2011/10/08 § 2 Comments

When I was in Cambridge
I visited the most disturbing and fascinating sculpture I have ever seen or heard of.  The Corpus Clock is a big clock located next to the King’s Parade, made by John Taylor and unveiled by Stephen Hawking in 2008.

The clock has a 1,5 meter, gold plated disc as its face, but unlike on other clocks, the face has no numbers and no hands, but rather blue LED lights who display time by blinking in three circles; hours, minutes and seconds. The most fascinating thing about the clock, however, is not the face but what walks on top of it; a Chronophage. A Chronophage is a time eater, and this particular one looks like a mix between a deep water fish and a beetle. It walks on top of the face, turning time and eating every second, every minute, every hour of the day. The Chronophage moves its mouth, it blinks, its tail wags. It’s a magnificent and terrifying creature, and it’s supposed to be. It’s eating up your life and there is no stopping it.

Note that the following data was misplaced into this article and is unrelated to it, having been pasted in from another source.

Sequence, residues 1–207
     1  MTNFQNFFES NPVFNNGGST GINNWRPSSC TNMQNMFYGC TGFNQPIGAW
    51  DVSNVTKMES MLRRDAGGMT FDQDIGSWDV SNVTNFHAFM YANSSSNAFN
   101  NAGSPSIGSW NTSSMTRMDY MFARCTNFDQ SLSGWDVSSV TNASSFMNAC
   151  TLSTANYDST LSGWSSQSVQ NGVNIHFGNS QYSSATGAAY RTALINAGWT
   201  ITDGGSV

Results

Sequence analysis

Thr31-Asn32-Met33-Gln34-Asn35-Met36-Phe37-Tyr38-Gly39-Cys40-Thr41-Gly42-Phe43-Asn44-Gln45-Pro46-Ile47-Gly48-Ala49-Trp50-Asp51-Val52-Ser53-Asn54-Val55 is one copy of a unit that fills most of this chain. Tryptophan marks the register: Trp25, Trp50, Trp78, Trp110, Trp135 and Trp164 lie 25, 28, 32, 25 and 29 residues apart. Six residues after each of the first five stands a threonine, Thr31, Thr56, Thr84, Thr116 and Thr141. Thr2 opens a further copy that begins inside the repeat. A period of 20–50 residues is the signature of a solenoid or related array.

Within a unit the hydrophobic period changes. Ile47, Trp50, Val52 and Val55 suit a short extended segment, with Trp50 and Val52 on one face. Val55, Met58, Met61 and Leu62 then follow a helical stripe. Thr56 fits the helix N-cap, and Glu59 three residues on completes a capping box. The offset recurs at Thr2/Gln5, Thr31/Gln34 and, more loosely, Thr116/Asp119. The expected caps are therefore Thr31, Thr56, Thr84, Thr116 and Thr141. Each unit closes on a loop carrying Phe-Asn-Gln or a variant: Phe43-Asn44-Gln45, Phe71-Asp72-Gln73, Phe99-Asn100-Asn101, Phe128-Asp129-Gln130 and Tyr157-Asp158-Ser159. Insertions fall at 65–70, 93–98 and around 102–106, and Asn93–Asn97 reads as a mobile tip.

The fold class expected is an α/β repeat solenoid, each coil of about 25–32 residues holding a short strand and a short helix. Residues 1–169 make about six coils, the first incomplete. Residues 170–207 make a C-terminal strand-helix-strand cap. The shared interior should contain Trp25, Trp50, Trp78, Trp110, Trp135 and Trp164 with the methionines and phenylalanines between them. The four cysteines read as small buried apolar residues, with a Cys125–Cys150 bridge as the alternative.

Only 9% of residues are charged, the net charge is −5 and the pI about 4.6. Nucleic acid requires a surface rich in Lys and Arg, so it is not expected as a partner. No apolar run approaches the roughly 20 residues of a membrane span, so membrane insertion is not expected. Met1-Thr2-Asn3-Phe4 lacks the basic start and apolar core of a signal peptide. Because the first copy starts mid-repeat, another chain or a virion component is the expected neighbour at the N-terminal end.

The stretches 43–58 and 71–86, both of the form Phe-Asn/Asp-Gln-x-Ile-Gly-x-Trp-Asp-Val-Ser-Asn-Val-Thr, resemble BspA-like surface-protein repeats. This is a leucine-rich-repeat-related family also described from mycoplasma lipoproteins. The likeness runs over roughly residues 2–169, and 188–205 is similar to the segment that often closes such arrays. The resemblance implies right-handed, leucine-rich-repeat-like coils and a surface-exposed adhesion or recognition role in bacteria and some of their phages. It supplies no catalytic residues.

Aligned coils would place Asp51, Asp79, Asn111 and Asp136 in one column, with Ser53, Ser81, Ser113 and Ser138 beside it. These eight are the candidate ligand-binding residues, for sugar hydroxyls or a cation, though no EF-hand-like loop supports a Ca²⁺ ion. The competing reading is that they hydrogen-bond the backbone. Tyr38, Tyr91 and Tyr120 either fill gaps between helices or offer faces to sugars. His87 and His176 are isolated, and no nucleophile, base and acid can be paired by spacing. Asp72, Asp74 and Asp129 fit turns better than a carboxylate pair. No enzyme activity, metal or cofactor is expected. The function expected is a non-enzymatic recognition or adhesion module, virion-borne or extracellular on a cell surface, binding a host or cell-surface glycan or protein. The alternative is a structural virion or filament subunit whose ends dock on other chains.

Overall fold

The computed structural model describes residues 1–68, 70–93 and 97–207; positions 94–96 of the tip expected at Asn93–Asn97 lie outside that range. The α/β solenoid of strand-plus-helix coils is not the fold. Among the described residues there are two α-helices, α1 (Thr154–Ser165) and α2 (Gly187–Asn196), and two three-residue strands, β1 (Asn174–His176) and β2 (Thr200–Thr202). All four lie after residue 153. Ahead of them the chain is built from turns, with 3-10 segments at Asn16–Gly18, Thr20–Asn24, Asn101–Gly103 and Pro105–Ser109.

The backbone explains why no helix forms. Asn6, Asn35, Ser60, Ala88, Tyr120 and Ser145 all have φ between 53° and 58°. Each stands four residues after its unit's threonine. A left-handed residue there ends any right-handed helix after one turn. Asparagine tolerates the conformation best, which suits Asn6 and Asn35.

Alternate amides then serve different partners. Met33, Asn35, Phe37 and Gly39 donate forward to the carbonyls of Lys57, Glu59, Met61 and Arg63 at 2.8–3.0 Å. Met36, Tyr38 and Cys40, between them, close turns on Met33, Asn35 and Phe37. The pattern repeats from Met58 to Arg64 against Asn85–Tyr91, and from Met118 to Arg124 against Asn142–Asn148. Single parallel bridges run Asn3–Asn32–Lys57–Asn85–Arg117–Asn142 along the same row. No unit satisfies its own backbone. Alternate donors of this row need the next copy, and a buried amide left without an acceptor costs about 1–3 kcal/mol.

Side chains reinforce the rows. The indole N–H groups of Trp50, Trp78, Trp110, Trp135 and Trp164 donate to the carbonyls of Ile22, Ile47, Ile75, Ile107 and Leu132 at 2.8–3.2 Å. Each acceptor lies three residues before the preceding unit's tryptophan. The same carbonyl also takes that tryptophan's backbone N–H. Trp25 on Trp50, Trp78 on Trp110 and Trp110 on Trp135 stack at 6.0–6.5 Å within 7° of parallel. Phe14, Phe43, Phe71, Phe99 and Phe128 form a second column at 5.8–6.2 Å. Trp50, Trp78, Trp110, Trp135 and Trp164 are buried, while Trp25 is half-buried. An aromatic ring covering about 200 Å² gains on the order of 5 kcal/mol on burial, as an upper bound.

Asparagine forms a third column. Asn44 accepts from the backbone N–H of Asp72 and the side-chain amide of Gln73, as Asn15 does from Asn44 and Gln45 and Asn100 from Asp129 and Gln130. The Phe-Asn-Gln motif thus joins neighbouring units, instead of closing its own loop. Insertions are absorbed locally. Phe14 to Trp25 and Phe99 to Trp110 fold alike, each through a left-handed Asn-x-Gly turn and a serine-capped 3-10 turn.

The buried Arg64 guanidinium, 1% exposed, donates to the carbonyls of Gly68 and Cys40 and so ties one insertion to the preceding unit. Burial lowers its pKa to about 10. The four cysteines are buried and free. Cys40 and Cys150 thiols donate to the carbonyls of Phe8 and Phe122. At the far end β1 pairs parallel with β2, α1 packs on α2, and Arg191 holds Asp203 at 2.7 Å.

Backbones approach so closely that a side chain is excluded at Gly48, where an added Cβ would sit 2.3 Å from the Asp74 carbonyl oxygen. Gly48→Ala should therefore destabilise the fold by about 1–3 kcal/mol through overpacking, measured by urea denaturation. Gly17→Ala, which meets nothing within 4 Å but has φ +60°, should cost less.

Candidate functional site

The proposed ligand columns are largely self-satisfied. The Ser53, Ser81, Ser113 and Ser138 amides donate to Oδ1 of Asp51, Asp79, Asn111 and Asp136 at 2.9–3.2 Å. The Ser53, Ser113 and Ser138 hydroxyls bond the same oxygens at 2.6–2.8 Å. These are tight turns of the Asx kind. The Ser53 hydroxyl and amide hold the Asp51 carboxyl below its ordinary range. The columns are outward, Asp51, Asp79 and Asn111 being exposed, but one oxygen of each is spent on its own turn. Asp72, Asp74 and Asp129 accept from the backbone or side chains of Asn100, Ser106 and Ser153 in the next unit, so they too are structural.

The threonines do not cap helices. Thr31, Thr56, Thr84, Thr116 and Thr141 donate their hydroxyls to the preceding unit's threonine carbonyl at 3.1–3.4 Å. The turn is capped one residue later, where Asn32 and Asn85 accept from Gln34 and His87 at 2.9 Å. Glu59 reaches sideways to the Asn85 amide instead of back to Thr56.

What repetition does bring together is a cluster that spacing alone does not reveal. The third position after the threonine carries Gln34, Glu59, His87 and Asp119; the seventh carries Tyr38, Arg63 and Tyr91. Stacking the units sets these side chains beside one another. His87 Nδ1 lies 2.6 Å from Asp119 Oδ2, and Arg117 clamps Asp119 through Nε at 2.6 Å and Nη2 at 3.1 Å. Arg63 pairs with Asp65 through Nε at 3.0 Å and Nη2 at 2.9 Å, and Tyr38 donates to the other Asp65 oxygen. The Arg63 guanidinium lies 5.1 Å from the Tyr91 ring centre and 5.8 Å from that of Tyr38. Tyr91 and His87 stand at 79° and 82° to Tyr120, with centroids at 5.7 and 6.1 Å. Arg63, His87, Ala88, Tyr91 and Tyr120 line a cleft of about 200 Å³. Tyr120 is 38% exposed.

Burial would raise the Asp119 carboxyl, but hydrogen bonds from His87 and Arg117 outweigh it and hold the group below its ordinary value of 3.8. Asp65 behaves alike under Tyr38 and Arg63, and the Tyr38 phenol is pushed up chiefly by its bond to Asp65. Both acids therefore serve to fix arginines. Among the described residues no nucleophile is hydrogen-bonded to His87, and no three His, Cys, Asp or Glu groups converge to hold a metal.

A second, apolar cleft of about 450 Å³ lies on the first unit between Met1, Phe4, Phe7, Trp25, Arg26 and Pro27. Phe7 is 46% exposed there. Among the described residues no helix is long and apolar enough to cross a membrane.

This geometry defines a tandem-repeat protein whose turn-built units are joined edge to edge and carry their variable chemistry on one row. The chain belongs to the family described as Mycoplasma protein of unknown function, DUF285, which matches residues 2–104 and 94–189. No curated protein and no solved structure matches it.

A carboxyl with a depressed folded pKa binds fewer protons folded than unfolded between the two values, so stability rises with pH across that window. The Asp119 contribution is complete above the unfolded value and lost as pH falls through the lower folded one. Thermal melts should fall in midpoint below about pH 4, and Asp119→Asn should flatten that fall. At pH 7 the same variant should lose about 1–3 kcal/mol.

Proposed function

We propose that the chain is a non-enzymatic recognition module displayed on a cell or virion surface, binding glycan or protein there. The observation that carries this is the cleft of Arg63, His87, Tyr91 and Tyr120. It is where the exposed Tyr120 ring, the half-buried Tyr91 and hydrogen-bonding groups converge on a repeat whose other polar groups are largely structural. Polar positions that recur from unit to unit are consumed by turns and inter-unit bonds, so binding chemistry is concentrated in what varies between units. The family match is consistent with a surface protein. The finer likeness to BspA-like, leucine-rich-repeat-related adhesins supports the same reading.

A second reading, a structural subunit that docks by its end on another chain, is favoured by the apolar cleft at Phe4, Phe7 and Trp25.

“Basically I view time as not on your side. He’ll eat up every minute of your life, and as soon as one has gone he’s salivating for the next.”

When the clock strikes full, the sound of a chain hitting the bottom of a coffin can be heard, underlining the reality of Death, and below the clock the title of this post is inscribed, meaning “the world passeth away and the lust thereof”. Another wonderfully brilliant thing is the fact that the Corpus clock is as a matter of fact only accurate every now and then. The pendulum goes slower and faster and is not consistent, much like Time itself, which for us seems to move faster or slower depending upon ourselves (you know, “time flies fast in good company and all that).


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